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Washington State University
Dividend - Fall 2023 Creating Pathways to Excellence

E. & J. Gallo Winery Develops Carson Coug Talent With Blended Approach

By Sue McMurray

James DePaso offers students advice during workshops on the WSU Pullman Campus.
Photo by Sue McMurray
If the enthusiasm, adaptability, and dedication of Carson Coug graduates could be bottled, there would never be a labor shortage in the food and beverage industry. While there’s no silver bullet to solve this issue, E. & J. Gallo, a winery headquartered in Modesto, California, has tapped the Carson College of Business as a reliable source of talented employees to help position the company for the future.

As the need for workers has increased over the last decade, a good deal of time and thought has gone into what companies can do to attract and retain the workforce needed to meet market demand. During this time, E. & J. Gallo has engaged with the college on several levels by offering career workshops, event sponsorships, mentorships, internships, and employment opportunities.

In the last four years, the company has placed Carson Cougs in several of its 16 available internships in Seattle and Northern California and hired nine full-time employees in 2022. Approximately 24 current E. & J. Gallo employees are WSU graduates, says Sam Cole, E. & J. Gallo sales recruiting manager.

“We recruit at eight core schools in the Pacific Northwest, and our metrics on university graduates show we are successful when we hire Cougs,” Cole says. “Coug employees have a high promotion rate and a diverse number of roles within the company.”

Overall, Cole says WSU alumni are very well prepared, but recruits from the Carson College wine and beverage business management and professional sales programs are impressive and a particularly good fit for E. & J. Gallo.

The reason may be linked to The Next Carson Coug undergraduate curriculum that focuses on developing a balance of technical and interpersonal skills such as leadership, communication, teamwork, and global perspective.

“When recruiting, we look for traits we can’t coach,” Cole says. “Our industry is glamorous, but the day-to-day work is hard. Self-motivation, work ethic, and empathy—things that can’t be taught—go a long way. Carson alumni stand out because they are professional and excited about their unique focus in the industry. It’s fun to watch.”

Workshops support Carson Career Amplifier program

In the last year, E. & J. Gallo has given several workshops on résumé development, self-branding, and career readiness and helped sponsor the college’s professional sales competitions and wine and sales networking tailgate events. The company’s engagement helps business students fulfill requirements for Amplifier, the college’s cocurricular program offering professional development opportunities.

During a workshop designed to help students successfully plan for life post-graduation, James DePaso, director of E. & J. Gallo’s sales and leadership development program, offered students several tips on preparing for and navigating jobs, beginning with finding a company that aligns with their values and interests.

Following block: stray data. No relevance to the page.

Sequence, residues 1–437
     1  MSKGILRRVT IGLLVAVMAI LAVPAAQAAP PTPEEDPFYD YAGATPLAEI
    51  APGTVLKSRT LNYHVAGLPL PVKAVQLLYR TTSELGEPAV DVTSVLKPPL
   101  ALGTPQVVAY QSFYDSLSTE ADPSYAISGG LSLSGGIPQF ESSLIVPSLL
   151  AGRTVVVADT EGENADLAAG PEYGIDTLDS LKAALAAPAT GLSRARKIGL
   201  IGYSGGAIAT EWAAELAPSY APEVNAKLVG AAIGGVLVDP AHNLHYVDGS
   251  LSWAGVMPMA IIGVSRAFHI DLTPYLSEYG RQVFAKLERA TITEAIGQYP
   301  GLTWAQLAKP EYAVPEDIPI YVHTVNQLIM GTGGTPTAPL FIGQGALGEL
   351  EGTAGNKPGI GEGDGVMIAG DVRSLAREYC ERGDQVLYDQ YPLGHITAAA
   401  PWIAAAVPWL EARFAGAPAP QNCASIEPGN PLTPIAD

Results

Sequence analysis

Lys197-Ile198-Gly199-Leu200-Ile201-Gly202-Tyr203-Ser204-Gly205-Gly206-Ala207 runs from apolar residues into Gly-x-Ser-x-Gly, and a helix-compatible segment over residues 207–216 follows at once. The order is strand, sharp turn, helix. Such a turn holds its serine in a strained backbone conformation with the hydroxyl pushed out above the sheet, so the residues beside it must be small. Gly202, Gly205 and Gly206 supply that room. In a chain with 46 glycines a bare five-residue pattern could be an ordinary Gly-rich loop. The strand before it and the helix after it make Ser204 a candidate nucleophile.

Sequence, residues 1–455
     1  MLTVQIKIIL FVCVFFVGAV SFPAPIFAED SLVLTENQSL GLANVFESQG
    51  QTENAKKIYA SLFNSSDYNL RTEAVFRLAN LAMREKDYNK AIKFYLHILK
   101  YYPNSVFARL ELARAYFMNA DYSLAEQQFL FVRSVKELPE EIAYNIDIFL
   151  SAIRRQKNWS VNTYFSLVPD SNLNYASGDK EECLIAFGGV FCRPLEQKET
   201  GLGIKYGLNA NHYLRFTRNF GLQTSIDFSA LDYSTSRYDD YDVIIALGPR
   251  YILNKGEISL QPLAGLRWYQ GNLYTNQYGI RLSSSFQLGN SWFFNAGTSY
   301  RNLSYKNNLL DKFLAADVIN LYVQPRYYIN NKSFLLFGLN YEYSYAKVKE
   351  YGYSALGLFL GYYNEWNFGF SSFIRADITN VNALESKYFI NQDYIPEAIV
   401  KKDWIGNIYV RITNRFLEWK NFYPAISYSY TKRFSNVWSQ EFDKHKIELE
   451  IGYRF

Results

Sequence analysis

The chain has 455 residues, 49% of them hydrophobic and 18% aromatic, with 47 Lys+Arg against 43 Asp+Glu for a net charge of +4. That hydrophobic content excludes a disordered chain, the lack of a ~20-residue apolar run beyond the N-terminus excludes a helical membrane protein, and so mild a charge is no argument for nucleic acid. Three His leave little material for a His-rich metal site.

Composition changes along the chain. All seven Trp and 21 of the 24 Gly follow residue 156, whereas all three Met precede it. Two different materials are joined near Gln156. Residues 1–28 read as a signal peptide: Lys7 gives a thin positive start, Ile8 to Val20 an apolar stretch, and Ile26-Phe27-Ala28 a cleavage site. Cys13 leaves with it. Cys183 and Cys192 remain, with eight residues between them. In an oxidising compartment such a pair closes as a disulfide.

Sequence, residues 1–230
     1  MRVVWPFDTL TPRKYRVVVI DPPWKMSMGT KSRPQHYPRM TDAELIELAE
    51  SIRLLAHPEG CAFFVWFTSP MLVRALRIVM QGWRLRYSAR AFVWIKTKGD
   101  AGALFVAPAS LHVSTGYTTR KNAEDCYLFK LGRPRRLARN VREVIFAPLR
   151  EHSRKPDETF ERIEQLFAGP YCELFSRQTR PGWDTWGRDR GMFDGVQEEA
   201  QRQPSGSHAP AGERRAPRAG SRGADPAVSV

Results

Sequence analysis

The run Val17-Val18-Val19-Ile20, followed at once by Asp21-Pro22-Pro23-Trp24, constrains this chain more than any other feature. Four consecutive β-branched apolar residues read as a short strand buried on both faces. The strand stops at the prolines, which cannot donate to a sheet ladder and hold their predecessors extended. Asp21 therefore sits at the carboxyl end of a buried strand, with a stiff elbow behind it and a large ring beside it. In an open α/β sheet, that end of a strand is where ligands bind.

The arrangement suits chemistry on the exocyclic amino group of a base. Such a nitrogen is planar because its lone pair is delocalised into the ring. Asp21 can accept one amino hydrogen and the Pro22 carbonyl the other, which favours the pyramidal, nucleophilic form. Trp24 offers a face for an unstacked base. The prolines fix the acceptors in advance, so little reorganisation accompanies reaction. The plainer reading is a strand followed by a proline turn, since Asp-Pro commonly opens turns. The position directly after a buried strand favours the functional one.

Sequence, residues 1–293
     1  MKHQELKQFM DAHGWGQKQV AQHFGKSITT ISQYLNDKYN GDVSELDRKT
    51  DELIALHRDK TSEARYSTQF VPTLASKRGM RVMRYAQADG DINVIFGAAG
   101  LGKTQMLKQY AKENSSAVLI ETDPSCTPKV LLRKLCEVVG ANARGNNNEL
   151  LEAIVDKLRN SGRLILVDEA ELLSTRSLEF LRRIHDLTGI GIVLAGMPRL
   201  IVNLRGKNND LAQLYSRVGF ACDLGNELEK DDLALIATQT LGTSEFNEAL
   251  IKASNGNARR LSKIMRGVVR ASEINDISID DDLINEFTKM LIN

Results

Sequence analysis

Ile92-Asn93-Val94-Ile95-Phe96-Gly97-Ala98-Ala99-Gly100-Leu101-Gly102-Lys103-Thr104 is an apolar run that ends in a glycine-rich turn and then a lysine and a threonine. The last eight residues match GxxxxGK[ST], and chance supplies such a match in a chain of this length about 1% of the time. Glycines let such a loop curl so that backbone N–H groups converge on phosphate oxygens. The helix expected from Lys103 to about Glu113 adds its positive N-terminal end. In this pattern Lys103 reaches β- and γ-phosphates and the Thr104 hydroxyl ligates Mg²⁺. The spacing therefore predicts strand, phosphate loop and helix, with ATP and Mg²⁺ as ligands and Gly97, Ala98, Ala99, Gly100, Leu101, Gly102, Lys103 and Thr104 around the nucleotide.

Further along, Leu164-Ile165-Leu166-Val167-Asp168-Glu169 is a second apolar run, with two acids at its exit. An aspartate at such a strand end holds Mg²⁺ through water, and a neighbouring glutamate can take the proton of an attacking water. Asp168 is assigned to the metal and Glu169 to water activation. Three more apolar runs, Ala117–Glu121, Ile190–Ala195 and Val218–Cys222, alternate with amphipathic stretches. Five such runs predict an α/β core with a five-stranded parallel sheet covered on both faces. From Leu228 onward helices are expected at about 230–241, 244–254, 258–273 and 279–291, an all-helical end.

While E. & J. Gallo doesn’t require specific majors, DePaso said the college’s Professional Sales Certificate is a useful credential for working in a winery or any job requiring sales experience. “Academic minors are also an awesome way to specialize in or explore business, and language minors translate across a lot of jobs,” he said.

Regarding interviews, he advised students to research the company and avoid asking questions that can be looked up. “Do your homework first,” he said. “Research the interviewers and learn something about them beforehand. Ask what they like about the company and their jobs.”

For those with little work experience, he suggested including high school jobs on a résumé. “Don’t feel it doesn’t matter; I love seeing continual work history on entry-level applicants’ résumés,” he said.

DePaso’s advice on moving up within a company? Be open-minded and focus on who’s doing the work, not who’s getting the credit. He encouraged students to be their best selves—the person they’d want to manage as a supervisor.

Mentorship makes a difference

Mentorship from E. & J. Gallo executives is helping to make a difference in students’ professionalism and confidence.

“During my E. & J. Gallo internship, I met with managers in every role of the business. I was partnered with a mentor, and we met weekly to go over what I learned and what I could work on next,” says Brian Patrick, a recent management graduate. “This experience helped me learn how to organize a professional schedule, collaborate with teams, understand industry trends, and further develop my leadership skills.” Patrick now works as a sales representative for E. & J. Gallo in the Seattle area.

“Our goal is to always innovate and add value to everyone,” Cole says. “If we invest in helping students develop leadership and other professional skills, they will be that much better when we hire them.”